the beauty of what’s left to the imagination.
24 April 2012 § 2 Comments
Kim, Jas’ in-four-days-wife-to-be, returned from Vegas raving about everything but the weather. She dropped no clues about her party. That’s how it’s supposed to be, right? Leave your Vegas stories in Vegas?
This morning she woke up angry. We hadn’t cleaned the house.
Nor had we finished drinking.
Three nights ago, I was a strip club virgin. (I’m not going to get into why, because only other men and ex-girlfriends seem to want explanations as to why I, at nearly 26, had never participated in retail sex entertainment.) Now, not so much.
The dancers amused me. They paraded around tables, up and down stages. Tux-clad bouncers stood at the stairs, took girls’ hands to help them manage platform shoes. To appear gentlemanly. A radio announcer said to pick our favorite for a dance. That two songs were one low price.
Jas’ brother, Justin, whose countenance said he’d done this a few times before, had explained the rules on tipping and lap dances: “Bring singles with you. And no licking.”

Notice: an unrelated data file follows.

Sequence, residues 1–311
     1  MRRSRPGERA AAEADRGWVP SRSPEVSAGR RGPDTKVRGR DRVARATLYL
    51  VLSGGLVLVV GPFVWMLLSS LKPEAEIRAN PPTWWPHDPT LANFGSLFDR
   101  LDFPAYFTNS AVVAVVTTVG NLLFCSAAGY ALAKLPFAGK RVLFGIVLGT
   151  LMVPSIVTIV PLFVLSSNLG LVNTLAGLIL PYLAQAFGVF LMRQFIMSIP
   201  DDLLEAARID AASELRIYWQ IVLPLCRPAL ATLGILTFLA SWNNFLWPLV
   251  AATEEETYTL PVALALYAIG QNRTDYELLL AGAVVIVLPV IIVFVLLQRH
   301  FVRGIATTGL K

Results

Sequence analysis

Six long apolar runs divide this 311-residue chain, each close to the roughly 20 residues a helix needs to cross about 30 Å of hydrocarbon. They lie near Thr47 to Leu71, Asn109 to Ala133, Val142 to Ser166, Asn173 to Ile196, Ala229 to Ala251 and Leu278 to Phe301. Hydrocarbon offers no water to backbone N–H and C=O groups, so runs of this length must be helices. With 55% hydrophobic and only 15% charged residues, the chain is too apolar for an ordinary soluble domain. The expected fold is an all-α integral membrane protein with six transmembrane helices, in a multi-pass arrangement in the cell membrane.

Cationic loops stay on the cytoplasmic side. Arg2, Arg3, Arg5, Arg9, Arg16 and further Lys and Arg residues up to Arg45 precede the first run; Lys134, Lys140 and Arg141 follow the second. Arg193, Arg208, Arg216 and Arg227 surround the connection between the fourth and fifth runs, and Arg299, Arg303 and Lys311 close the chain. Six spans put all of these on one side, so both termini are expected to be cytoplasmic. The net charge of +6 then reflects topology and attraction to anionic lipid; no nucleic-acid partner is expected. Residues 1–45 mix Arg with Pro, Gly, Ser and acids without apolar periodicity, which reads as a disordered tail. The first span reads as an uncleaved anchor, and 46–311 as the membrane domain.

It’s funny how people follow their DNA. A group of Indian men all stared in the same sad way, bad haircuts and young bushy mustaches curious, eyes deprived, entranced. They tossed dollar bills at their countrywoman’s feet like garbage. Undid the top buttons of their shirts. Sweat bullets. I considered the difference between appreciation and waste.
Above another stage: a man I recognized vaguely leaned on the handrail, smirk sketched. I’d seen those eyes before, on wanderers and travelers who’d just found what they now had to have. He gestured with his bills for the dancer to come closer. He caressed her back, side, and torso, quick, with impersonal fingertips, as if she, with her dyed black hair shiny, artificial, were a souped-up Honda Civic at a car show. Ignition empty.
A girl sat on my lap, whispered her nickname into my ear. Her straight bangs auburn brushed my eyelids. “Seline,” she said with a lisp. “I like your style.” She tipped the bill of my hat with an affectionate smile.
“Thanks,” I told her, “but it’s not my party.”
My ratio of entertained:disgusted reached 50:50 about midnight. We went to Lauderdale, drank fishbowls of liquor, watched perhaps the only band who’s covered Tool and succeeded, and on the beach talked about what we knew until the sun came up.
My best friend is getting married, and I need to buy a suit.